Here is what it looked like. The potatoes were well cooked and the green beans were just starting to caramelize a little bit. Plenty of moisture in both.
Wednesday, May 26, 2010
Ginger Honey Muffins with Apricots, Coconut and Almonds
Makes 12 large muffins
1 stick butter, melted
1 t. vanilla
3 cups cake flour
2 T. powdered ginger
2 T. baking powder
1/2 t. baking soda
1/2 t. salt
1/4 to 1/3 cup chopped dried apricots
1/2 cup toasted coconut
1/2 cup toasted slivered almonds
1/2 cup honey mixed with 1 1/4 c. buttermilk
crunchy turbinado sugar for the tops
Preheat the oven to 375 degrees. Grease a 12 muffin pan with butter or Pam.
The first time I made the recipe my apricots were shriveled up as hard as rocks, so I re-hydrated them by simmering them in apple juice. Then, cooled them and chopped them up into bite-size pieces, the size of chocolate chips.
Melt your butter in the microwave and let it cool.
If your apricots are wet, put them in with the dry ingredients and toss them to coat with flour. This will help to more evenly distribute them throughout your batter.
These are not overly sweet muffins. The ginger makes them a little spicy and the fruit and nuts give them texture. If you want a more traditional muffin, you could use regular flour and increase the honey or add some sugar to the batter when you add the buttermilk. But I like muffins this way --not too sweet. They are great with a cup of coffee!
Tuesday, May 25, 2010
This is my version of Goat Cheese Cheesecake. I've made many different kinds of cheesecake, but this is Kevin's favorite and it doesn't even need a water bath. I made if for our friends who came for dinner recently. It's perfect every time.
Goat Cheese Cheesecake
Graham cracker crust:
1 1/4 C graham cracker crumbs
1/4 C sugar or splenda (I use splenda)
5 T melted unsalted butter
Mix together in bowl and press into the bottom of a 9-inch spring form pan that has been sprayed with Pam. Crumbs should go slightly up the side. Bake at 350 degrees for 5 minutes and cool.
2 eight-ounce packages of fat-free cream cheese at room temperature
12 ounce log of goat cheese
12 ounces of sour cream
1 C sugar or Splenda (I use Splenda)
3 tsp vanilla extract
Beat the cream cheese and goat cheese in a bowl with an electric mixer until it starts to turn light and fluffy. Mix in the sour cream and eggs one at a time. When thoroughly mixed, add sugar and vanilla.
Pour filling into the prepared crust and place on a baking sheet in the preheated 350 degree oven. Bake 55-60 minutes. The top of the cheesecake should not start to color, but rather just start to pull away from the sides. It will still jiggle a bit when you take it out of the oven.
Let it cool completely. It will continue to set. Refrigerate for several hours or overnight before serving.
You can make a fruit sauce to pour over this with whatever fruit you have on hand, but I think it is good enough to be served alone. Enjoy!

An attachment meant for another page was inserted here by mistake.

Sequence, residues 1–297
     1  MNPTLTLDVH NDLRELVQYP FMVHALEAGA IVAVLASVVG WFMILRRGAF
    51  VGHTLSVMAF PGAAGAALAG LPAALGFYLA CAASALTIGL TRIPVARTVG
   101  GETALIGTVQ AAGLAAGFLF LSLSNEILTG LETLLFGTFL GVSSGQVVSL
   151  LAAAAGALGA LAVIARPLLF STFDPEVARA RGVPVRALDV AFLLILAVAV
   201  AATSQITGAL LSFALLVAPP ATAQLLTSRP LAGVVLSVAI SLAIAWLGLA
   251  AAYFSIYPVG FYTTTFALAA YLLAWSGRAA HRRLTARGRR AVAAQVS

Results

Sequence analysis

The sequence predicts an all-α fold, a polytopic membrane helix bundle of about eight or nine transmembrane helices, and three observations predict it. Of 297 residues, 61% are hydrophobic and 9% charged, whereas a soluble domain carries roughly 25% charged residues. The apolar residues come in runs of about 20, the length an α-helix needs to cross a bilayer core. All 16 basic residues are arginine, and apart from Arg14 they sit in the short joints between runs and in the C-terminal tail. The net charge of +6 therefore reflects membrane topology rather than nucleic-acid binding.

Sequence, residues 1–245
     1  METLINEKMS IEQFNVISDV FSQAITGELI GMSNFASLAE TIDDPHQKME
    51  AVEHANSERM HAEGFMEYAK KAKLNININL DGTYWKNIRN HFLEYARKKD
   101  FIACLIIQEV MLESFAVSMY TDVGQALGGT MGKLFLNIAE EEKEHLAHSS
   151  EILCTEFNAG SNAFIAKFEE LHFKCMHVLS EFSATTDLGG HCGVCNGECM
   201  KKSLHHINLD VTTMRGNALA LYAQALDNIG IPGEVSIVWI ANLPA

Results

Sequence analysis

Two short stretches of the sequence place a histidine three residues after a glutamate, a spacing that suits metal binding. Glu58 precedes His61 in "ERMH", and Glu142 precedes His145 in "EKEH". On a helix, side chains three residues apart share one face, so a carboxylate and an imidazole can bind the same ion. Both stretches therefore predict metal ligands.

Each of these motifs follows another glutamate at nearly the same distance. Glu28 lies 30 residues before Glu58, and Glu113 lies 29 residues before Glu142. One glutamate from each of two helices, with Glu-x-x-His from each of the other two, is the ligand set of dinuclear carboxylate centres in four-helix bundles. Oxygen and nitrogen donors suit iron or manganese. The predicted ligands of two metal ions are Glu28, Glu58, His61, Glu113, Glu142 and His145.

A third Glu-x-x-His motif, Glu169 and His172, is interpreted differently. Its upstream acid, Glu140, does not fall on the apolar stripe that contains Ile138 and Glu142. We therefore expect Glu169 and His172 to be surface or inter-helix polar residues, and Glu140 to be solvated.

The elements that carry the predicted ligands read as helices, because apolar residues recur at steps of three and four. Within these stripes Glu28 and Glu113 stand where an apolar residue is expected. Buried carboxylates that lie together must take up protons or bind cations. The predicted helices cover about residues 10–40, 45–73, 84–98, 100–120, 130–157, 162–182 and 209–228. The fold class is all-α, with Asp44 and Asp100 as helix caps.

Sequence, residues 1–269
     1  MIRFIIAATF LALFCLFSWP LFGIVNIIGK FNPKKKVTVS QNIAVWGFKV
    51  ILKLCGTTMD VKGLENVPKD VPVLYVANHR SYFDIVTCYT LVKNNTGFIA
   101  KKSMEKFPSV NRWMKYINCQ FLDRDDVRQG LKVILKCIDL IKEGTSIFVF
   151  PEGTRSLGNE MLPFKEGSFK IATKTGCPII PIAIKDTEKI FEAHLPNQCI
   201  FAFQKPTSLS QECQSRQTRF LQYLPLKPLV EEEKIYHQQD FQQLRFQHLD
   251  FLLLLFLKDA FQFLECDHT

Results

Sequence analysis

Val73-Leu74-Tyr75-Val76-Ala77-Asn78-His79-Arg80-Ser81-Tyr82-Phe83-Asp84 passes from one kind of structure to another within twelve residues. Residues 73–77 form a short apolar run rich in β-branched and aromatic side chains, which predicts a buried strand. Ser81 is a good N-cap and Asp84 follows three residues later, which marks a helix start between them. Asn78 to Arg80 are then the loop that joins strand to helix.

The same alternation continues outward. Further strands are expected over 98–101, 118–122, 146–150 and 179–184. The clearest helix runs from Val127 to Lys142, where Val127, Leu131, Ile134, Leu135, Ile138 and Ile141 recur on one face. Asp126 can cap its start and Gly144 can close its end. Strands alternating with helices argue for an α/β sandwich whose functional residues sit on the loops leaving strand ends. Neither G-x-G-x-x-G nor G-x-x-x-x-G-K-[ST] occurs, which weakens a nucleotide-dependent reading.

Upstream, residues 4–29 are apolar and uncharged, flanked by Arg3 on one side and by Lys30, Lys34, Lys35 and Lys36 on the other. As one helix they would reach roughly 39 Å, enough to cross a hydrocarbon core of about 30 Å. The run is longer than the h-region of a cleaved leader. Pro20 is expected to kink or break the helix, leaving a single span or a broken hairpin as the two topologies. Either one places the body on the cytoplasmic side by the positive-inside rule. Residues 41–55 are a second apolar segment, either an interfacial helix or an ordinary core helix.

Friday, May 21, 2010
Brining Pork Chops by Tom
With summer around the corner, grilling is on my mind. The two just go together. And Tom makes some great things on the grill -- like these delicious pork chops he brined last summer. So, I asked him to write about this technique for the blog. Thanks, T for contributing again! ---ILY, B
Last summer I read a book by Michael Pollan titled "The Omnivore's Dilemma". Colleen had given it to Barbara to read, and I thought it looked like it would be interesting to read as well. It was. In it he explores the natural history of three meal sources: industrial corn, pastoral grasses, and the forest for both hunting and gathering. The book is fascinating and very interesting, on its own, so I recommend it as a good read. But it is also interspersed with some interesting approaches to food preparation. One of those, brining, caught my eye. So I thought I would give it a try.
Brining causes meat to absorb moisture and helps to break down the proteins that can toughen the meat on the grill. The approach is very simple, and the results are excellent.
The Ingredients (based on 6 thick cut pork chops or 6 servings)
~1/2 cup kosher salt
2 bay leaves
~1 tablespoon of chopped garlic, about 2 cloves
~1 tablespoon cracked black pepper
~1 tablespoon whole coriander seeds
~1/4 cup soy sauce
thick sliced pork chops (1 chop per person)
water to cover
Adjust the quantities based on the number of pork chops you will be serving.
Thursday, May 20, 2010
Monday, May 17, 2010
Thai-Style Shrimp Soup by Tom
We have contractors in the house today, so a good time to steal away to the computer and enter the dinner soup that I made last Monday when Barbara was painting with her friend Lin. Barbara had made a version of this soup several years ago, and we both thought it would be a tasty, lower fat dinner to make after a day of activities.
~1 teaspoon vegetable oil
3 lemon grass stalks halved about 5" long (I used a jar of lemongrass already sliced up - about 2 tbs)
3 large shallots chopped
1 green onion sliced (optional)
8 sprigs of fresh cilantro, coarsely chopped
3 tablespoons fish sauce
4 cups (about 2 cans) low-sodium chicken broth
2 14 oz cans of lite coconut milk (you can use full strength coconut milk, but is has much more fat)
1 tablespoon sugar, preferably brown sugar
1/2 lb button mushrooms, cleaned, stems removed and sliced in half
30 uncooked, cleaned and shelled shrimp
3 tablespoons juice from fresh limes
1 tablespoon Thai red curry paste (adjust this to your taste: a little less for less spice, a little more for more heat!)
"We used shrimp but you could use chicken, too. It's the broth that is so wonderful in this soup."